The question of former “Zone B” had been ultimately settled by the United Nations with the 1992 Resolutions that recognise the new independent Republics of Slovenia and of Croazia within their existing borders, after plebiscites.

By doing so, the rights of State of the present-day Free Territory, consisting in its main, former “Zone A” with the capital city, the international Free Port, and five smaller Municipalities remained intact.

In order to ultimately discourage the Italian revanchist operation, it was therefore necessary reminding the Italian Government, with diplomacy but firmly, that it was not exercising sovereignty rights over Trieste, instead, it was exercising a provisional administration under a British-US mandate.

So on 26 October 1994 the U.S. Ambassador in Italy, Reginald Bartholomew, career diplomat, addressed an official letter to the people of Trieste, opening it with the greeting  «on the 40th anniversary of the transition of the city to the Italian civil administration», recalling the historical and friendly ties between the people of Trieste and the United States of America, and concluding with «wishes of peace and prosperity for the path to 2000» LINK.

The message, with its elegant form, was not clear to ordinary people, but fully intellegibile to the Italian diplomats. And they did know well that during the Cold War the United States avoided to take action in the conduction of the Italian and of the Yugoslav administrations in the two zones of the Free Territory of Trieste, however, they had always taken care also to preserve the legal status of the independent Trieste and of its Free Port, until the favourable strategic time to activate their international economic functions.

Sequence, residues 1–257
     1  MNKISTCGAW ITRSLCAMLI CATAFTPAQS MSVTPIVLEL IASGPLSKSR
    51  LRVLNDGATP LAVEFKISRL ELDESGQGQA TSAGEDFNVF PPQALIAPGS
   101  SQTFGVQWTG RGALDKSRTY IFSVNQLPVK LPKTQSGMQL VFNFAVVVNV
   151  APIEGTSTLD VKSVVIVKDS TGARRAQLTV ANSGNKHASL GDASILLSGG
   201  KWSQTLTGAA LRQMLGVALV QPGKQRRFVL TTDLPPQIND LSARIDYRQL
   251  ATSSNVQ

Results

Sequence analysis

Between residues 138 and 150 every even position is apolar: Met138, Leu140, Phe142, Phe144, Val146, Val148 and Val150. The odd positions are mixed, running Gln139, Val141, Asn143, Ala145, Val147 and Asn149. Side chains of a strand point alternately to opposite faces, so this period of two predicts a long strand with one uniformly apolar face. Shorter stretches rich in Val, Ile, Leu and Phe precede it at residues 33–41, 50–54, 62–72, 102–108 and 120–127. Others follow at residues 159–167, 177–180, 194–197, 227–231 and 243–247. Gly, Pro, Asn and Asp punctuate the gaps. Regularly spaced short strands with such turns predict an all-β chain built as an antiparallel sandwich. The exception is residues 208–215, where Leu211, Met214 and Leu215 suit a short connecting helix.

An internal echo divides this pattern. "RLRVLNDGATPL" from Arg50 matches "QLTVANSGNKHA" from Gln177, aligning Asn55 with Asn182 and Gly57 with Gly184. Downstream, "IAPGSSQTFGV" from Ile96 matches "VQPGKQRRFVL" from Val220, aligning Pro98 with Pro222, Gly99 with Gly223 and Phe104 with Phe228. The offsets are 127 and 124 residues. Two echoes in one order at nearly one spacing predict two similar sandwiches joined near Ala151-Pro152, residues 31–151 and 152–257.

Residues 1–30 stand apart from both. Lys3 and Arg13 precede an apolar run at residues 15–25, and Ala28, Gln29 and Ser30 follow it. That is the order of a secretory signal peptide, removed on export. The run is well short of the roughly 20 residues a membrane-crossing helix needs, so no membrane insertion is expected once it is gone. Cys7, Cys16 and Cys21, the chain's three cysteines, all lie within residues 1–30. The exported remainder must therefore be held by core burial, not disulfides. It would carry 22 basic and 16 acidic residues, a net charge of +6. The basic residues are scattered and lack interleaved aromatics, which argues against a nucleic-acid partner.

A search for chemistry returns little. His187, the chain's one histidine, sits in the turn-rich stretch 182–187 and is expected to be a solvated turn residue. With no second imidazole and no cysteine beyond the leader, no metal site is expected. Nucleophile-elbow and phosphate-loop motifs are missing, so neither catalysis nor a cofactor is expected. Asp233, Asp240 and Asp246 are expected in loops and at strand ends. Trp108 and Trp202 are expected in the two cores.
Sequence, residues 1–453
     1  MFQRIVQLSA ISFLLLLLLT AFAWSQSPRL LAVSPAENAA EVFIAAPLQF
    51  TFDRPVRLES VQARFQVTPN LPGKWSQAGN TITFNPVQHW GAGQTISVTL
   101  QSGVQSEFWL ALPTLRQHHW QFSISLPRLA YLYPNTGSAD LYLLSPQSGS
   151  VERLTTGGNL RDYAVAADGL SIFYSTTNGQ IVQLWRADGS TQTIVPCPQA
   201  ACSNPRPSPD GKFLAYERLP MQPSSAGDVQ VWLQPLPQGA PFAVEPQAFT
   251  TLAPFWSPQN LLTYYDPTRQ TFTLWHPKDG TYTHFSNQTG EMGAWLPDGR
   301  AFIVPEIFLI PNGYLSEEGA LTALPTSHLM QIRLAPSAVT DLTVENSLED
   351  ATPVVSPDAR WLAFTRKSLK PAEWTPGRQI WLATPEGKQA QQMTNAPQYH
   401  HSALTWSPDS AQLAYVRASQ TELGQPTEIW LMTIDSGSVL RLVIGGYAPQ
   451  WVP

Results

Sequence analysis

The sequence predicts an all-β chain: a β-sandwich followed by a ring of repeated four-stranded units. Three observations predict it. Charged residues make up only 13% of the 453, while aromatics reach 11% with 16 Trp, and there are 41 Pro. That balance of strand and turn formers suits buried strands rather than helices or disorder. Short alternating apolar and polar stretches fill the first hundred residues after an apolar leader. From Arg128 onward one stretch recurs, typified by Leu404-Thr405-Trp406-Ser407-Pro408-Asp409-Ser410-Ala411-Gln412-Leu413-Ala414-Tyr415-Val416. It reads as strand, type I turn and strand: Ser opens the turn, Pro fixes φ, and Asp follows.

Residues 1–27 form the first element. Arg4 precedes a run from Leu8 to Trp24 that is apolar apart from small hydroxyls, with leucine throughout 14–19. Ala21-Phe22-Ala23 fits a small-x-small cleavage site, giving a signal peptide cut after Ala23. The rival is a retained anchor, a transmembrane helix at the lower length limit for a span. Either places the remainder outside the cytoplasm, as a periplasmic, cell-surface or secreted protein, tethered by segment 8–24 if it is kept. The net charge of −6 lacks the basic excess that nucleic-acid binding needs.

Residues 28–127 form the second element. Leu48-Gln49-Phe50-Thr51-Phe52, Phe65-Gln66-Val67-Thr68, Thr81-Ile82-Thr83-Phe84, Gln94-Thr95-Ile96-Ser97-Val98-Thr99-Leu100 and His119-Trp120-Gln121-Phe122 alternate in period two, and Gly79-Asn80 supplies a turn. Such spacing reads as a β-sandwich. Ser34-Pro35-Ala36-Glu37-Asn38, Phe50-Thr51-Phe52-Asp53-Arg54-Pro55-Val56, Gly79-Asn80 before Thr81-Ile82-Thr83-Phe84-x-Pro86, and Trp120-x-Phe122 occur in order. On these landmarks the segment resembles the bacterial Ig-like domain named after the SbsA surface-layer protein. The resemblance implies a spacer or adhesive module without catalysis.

26 October 2017

It took 23 more years, but today, 26 October 2017, those conditions are finally real, with the deep change in Central-Eastern Europe’s political-strategic situation and with the doubling of the Suez Canal, both of which allow to increase international traffics on the railroad Baltic-Adriatic and Transsiberian routes through Vienna-Bratislava and through the North-Eastern Adriatic ports of Trieste (Free Territory), Koper (Slovenia) and Rijeka (Croatia).

Also, there are legal instruments that make it possible extending, with proper agreements between the present-day Free Territory, Slovenia, and Croatia, special free zones of the international Free Port of Trieste also to the nearby Slovenian port of Koper and to the Croatian ports of Rijeka and of Ploče to develop trades with Hungary, with Bosnia and Herzegovina, and with Serbia.

We can therefore finally reciprocate today the 1994 wishes and greetings to the new Ambassador of the United States of America in Rome, Mr. Lewis M. Eisenberg, who has not only extraordinary personal competences in the world on international finance, but also the experience of a member and later President of the Chairman of the Board of Commissioners of the Port Authority of New York and New Jersey, which has ties with the Free Port of Trieste since 1921.